Bárbara Ferreira

Bárbara Ferreira was the Media and Communications Manager of the European Geosciences Union from 2011 to 2019. Bárbara has also worked as a science writer specialising in astrophysics and space sciences, producing articles for the European Space Agency and others on a freelance basis. She has a PhD in astrophysics from the University of Cambridge.

Imaggeo on Mondays: Storm in Mount Waddington

This week’s Imaggeo on Mondays is brought to you by the photographer herself, Marion Bisiaux (now at Stendhal University, Grenoble, France), who tells us about her exciting field trip to the British Columbia’s Coast Range. This picture was taken during the Waddington Range Ice Core Project in which I participated during my PhD at the University of Nevada, Reno, US and at the Desert Research Instit ...[Read More]

Geosciences Column: Spotting signs of sea-quakes

A French and Algerian study team seeks markers of underwater earthquakes off the Algerian coast. The team also matched the site’s paleoseismic history to land-based historical reports. Wayne Deeker reports. The Mediterranean Sea represents the boundary between the African and Eurasian plates. Yet the fault segment off the Algerian coast is one of the most active in the western Mediterranean. It is ...[Read More]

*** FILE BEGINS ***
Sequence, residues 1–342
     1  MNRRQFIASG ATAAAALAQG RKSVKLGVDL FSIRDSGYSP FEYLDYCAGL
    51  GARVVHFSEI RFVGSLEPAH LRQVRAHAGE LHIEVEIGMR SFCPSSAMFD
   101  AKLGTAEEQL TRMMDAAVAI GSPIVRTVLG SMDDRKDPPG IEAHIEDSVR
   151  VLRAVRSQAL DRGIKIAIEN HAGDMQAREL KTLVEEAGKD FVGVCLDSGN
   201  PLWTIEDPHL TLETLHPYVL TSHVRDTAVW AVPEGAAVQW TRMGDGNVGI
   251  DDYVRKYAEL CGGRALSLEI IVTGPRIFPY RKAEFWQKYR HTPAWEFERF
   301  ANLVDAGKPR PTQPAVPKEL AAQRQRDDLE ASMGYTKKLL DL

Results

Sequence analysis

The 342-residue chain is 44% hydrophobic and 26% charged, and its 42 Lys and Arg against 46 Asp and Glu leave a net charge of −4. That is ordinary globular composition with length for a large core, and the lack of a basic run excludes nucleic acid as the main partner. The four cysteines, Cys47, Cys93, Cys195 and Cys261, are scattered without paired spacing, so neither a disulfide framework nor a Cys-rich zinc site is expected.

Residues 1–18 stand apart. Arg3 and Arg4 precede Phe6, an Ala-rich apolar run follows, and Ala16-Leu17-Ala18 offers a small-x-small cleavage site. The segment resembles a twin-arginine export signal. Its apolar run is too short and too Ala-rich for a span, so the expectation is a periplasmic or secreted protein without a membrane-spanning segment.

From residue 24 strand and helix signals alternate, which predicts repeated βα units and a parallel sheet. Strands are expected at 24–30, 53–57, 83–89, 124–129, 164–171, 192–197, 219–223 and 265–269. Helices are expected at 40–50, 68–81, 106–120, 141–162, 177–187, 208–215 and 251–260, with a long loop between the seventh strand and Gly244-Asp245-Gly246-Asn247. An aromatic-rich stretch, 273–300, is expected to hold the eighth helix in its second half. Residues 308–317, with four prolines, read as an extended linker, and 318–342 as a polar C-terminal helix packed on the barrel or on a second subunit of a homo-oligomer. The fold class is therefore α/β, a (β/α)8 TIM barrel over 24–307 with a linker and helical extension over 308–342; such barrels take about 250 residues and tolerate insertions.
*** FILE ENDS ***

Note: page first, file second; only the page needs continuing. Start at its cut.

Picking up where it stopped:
A story of Spitfires? Archaeological geophysics in Burma (Part 2)

Buried beneath the soils of Burma lies a mystery that has been almost 70 years in the making: were a shipment of Spitfire aircraft concealed beneath a British airbase at the end of the Second World War? Dr Adam Booth, a geophysicist at Imperial College London and regular GeoLog contributor, is part of an archaeological team who are trying to unearth the truth in this tale. He’ll be posting to GeoL ...[Read More]

Imaggeo on Mondays: Irish coast

Among geoscientists, the beautiful island of Ireland is best known for its Giant’s Causeway, an area with some 40,000 polygonal columns of layered basalt that formed 60 million years ago as a result of a volcanic eruption. But another recognisable feature of the Emerald Isle, is its lush green vegetation, a product of the island’s mild climate and frequent rainfall. It was on a rare sunny day of a ...[Read More]